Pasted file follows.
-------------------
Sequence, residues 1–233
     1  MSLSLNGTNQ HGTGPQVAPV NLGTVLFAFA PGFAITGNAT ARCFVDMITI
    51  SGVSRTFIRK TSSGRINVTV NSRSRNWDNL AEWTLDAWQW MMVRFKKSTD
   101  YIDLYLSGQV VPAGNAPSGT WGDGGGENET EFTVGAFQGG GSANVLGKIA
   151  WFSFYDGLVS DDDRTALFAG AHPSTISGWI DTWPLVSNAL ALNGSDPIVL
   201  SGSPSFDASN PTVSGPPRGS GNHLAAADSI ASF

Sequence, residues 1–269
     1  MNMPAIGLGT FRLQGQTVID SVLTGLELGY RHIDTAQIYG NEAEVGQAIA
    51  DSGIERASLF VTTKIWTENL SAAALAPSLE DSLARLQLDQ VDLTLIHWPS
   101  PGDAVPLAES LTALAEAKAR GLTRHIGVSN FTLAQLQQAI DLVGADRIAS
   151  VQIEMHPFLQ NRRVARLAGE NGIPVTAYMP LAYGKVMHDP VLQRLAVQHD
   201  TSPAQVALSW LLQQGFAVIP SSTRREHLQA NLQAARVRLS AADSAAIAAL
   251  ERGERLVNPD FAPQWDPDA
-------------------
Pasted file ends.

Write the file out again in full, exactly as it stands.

Sequence, residues 1–233
     1  MSLSLNGTNQ HGTGPQVAPV NLGTVLFAFA PGFAITGNAT ARCFVDMITI
    51  SGVSRTFIRK TSSGRINVTV NSRSRNWDNL AEWTLDAWQW MMVRFKKSTD
   101  YIDLYLSGQV VPAGNAPSGT WGDGGGENET EFTVGAFQGG GSANVLGKIA
   151  WFSFYDGLVS DDDRTALFAG AHPSTISGWI DTWPLVSNAL ALNGSDPIVL
   201  SGSPSFDASN PTVSGPPRGS GNHLAAADSI ASF

Sequence, residues 1–269
     1  MNMPAIGLGT FRLQGQTVID SVLTGLELGY RHIDTAQIYG NEAEVGQAIA
    51  DSGIERASLF VTTKIWTENL SAAALAPSLE DSLARLQLDQ VDLTLIHWPS
   101  PGDAVPLAES LTALAEAKAR GLTRHIGVSN FTLAQLQQAI DLVGADRIAS
   151  VQIEMHPFLQ NRRVARLAGE NGIPVTAYMP LAYGKVMHDP VLQRLAVQHD
   201  TSPAQVALSW LLQQGFAVIP SSTRREHLQA NLQAARVRLS AADSAAIAAL
   251  ERGERLVNPD FAPQWDPDA